2. Place the dough in the middle of the prepared tray and start patting evenly using fingers. Patting the dough on the backside of the tray helps to slide the pizza easily on to the grill.

3. Pat the dough and shape it into an even, moderately thick (about ¾ inches), rectangular or oblong pizza.

4. Gently slide the pizza directly on to the prepared grill, cover and cook, opening to check now and then, till the dough puffs up here and there.

5. Lift up the pizza with a spatula and check if it is brown and crusty enough.

6. When the pizza is done flip it to the other side.

7. Now apply a thick layer of Pesto on top of the pizza.

8. Arrange the grilled and cut vegetables, tomato slices and jalapeno on top.

9. Garnish with freshly chopped up basil.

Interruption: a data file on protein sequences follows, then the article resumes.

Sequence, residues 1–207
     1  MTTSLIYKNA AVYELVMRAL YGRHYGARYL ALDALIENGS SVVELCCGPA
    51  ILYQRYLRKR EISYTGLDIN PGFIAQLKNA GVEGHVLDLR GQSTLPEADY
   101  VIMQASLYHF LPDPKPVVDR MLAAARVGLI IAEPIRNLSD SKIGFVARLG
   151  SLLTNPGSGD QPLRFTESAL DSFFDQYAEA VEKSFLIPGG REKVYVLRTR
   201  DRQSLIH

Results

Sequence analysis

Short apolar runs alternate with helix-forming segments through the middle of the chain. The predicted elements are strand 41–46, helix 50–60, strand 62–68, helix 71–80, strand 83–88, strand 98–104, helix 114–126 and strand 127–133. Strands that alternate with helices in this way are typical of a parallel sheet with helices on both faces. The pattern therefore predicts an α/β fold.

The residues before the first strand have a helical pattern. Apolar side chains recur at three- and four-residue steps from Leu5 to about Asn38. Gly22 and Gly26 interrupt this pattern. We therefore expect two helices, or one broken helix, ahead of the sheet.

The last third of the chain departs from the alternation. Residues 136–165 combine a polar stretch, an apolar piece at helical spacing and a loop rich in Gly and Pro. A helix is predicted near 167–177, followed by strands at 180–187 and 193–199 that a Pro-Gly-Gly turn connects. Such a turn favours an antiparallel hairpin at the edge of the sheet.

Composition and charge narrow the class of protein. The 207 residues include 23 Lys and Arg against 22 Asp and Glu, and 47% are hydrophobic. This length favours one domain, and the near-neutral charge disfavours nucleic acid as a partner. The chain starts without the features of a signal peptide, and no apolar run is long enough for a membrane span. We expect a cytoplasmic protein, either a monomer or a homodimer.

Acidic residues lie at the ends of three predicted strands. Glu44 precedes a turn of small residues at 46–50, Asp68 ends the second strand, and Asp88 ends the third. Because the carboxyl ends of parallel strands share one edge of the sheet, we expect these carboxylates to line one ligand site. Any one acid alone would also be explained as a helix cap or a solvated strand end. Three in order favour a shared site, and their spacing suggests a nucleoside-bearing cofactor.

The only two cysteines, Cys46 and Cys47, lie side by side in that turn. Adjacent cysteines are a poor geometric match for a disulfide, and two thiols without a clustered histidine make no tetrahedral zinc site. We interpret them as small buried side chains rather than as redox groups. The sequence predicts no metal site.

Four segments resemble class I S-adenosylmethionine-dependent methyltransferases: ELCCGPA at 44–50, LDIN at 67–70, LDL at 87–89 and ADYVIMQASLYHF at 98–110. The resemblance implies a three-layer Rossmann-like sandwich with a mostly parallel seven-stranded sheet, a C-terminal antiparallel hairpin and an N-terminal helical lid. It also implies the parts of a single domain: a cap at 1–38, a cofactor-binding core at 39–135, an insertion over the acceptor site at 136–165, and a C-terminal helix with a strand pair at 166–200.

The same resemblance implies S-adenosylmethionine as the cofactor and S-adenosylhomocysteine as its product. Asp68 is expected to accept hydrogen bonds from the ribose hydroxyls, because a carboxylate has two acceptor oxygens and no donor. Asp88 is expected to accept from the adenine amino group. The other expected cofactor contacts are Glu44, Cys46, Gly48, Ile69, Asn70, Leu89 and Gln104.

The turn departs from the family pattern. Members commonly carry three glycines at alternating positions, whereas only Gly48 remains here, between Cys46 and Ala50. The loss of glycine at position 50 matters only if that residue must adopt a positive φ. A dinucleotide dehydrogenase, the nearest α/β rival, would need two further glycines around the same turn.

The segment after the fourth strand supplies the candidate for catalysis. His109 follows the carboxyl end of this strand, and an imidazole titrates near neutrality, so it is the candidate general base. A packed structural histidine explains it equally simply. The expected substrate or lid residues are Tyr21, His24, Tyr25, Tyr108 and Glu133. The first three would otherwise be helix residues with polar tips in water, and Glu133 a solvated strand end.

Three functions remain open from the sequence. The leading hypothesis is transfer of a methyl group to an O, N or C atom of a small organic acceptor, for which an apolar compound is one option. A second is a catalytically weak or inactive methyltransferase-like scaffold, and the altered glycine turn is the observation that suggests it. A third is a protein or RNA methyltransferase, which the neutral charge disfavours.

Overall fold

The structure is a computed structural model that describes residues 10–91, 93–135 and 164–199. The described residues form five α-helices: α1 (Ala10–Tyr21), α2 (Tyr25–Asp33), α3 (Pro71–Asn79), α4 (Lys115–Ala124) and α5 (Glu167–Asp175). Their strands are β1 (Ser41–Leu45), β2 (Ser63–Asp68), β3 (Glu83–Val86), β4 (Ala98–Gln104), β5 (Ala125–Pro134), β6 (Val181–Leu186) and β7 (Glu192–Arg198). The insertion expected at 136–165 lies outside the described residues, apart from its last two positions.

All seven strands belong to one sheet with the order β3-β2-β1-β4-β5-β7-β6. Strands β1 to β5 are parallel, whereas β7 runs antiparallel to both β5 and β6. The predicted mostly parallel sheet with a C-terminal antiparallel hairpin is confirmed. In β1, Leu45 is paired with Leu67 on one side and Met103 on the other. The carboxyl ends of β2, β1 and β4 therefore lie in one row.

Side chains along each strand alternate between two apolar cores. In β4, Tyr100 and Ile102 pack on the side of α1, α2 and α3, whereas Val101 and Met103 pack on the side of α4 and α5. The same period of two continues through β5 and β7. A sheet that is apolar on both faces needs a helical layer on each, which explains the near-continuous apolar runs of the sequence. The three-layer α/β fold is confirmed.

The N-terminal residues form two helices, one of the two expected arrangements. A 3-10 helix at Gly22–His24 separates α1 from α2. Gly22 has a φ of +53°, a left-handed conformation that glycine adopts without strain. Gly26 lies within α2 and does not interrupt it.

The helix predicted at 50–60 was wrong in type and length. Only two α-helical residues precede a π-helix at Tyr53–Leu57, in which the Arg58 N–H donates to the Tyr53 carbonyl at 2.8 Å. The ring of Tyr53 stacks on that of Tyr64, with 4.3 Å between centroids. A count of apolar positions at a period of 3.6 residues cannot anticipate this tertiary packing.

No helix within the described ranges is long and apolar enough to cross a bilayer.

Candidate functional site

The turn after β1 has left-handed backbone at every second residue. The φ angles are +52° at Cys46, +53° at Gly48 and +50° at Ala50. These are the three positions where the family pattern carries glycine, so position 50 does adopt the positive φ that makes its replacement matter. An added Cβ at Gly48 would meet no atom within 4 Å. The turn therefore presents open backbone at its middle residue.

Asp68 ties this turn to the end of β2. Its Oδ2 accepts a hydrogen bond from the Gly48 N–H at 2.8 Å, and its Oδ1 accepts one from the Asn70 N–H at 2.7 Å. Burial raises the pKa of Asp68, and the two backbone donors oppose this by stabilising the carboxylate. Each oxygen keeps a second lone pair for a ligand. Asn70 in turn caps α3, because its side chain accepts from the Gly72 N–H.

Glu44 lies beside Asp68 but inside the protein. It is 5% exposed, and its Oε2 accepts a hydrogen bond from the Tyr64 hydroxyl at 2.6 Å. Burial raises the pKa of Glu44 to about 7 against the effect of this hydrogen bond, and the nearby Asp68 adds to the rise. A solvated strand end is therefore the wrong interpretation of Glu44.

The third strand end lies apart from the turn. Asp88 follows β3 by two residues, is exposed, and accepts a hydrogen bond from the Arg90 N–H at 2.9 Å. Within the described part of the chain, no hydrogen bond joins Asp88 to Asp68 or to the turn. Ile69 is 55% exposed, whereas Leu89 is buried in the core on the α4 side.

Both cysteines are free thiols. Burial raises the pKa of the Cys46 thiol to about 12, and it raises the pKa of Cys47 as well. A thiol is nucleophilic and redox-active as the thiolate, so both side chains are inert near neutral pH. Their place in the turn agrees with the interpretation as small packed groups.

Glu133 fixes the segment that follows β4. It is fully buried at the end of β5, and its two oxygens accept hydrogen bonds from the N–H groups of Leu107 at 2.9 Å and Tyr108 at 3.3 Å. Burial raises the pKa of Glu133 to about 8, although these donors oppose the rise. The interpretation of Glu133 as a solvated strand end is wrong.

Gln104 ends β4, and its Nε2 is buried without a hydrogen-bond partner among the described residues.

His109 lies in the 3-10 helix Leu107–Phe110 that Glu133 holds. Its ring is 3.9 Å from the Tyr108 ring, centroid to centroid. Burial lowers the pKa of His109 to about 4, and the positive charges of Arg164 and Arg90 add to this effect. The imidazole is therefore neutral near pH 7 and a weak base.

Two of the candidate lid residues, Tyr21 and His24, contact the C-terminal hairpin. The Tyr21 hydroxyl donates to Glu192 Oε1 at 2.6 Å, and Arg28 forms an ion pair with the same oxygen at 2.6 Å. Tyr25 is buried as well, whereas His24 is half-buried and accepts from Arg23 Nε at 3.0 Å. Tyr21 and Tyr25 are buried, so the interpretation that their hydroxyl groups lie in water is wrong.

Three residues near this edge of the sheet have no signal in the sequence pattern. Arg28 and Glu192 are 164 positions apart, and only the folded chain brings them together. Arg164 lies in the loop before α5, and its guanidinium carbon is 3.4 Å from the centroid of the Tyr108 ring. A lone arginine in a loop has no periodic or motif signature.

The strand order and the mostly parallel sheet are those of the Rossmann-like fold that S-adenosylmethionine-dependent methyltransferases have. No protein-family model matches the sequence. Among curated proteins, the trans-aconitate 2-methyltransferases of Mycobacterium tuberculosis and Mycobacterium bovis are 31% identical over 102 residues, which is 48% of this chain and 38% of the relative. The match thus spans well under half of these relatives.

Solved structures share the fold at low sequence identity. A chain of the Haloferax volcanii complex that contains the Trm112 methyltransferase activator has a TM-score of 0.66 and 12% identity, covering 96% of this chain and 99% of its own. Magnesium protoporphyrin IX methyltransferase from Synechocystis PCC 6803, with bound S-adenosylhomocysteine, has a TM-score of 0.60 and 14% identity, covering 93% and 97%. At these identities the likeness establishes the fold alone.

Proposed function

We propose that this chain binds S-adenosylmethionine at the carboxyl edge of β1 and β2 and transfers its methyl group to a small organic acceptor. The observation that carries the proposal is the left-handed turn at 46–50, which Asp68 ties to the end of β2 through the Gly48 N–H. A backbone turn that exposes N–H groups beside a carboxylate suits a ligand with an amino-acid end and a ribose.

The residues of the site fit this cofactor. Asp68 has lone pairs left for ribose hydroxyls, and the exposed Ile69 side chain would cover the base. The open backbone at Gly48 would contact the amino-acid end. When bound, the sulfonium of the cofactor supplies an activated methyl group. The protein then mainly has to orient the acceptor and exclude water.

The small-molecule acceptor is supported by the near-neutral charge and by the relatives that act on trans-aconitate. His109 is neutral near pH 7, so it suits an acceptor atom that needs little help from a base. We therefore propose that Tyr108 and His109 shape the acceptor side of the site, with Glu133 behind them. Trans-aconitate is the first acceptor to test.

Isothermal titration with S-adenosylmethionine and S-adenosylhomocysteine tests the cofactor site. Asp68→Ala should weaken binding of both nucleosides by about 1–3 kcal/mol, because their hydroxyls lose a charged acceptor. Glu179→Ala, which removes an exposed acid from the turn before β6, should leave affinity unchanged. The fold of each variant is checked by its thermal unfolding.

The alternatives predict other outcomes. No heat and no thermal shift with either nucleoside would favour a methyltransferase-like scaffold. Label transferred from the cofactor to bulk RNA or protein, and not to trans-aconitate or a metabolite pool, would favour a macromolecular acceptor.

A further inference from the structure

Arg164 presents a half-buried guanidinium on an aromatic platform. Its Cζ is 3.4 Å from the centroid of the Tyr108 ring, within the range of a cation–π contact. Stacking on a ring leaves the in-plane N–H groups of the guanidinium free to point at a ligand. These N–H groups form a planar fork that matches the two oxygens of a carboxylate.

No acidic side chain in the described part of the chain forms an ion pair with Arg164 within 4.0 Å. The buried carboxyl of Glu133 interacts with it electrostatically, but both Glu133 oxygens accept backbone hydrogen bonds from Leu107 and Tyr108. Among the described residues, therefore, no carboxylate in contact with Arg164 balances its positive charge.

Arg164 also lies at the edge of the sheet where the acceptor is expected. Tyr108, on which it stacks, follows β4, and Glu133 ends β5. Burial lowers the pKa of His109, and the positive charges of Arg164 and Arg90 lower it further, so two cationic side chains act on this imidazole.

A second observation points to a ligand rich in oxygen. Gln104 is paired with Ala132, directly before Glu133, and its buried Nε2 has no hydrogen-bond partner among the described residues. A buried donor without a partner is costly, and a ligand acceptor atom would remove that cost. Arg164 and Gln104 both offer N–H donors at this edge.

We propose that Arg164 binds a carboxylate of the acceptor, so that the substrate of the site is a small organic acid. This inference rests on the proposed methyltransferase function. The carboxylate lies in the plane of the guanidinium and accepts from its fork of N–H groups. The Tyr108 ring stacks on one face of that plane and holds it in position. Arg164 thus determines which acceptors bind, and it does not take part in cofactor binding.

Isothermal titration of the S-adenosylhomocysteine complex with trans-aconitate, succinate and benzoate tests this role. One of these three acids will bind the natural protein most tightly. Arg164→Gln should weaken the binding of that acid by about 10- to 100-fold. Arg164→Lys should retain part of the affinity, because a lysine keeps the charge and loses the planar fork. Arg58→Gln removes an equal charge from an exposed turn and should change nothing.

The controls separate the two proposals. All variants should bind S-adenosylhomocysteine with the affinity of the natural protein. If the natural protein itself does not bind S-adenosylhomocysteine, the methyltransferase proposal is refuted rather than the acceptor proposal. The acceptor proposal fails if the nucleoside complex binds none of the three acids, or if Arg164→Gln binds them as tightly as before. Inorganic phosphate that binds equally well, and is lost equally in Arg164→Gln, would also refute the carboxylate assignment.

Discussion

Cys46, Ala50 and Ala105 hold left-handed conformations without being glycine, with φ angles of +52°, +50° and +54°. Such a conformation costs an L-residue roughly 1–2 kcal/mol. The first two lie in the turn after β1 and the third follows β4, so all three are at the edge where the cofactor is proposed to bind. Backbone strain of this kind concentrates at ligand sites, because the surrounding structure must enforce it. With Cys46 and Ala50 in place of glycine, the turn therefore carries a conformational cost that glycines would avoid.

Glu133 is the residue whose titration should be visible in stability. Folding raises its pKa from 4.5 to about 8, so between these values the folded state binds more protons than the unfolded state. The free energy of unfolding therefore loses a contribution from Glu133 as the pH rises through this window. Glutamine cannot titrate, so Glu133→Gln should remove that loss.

10. Top the pizza with as much grated cheese as you wish with a sprinkle of pepper and salt.
11. Cover again and cook till the cheese melts.

It is a lot of fun and quality time spent together, when all the family members come together to prepare the huge family sizes Pesto Pizza. We did enjoy every bite of it with a good helping of tomato ketchup, chilly sauce and mustard sauce as desired.

Wednesday, September 9, 2009

Vegetarian BBQ Special - Zucchini Burger, Grilled Asparagus, Mushrooms and Corn

Vegetarian BBQ Special
Millions of years ago man started to make, and use FIRE from its natural sources. This led to community cooking with the fire in the open. The custom thrived even after homes with hearths came into existence and is still flourishing as a much sought after recreational activity.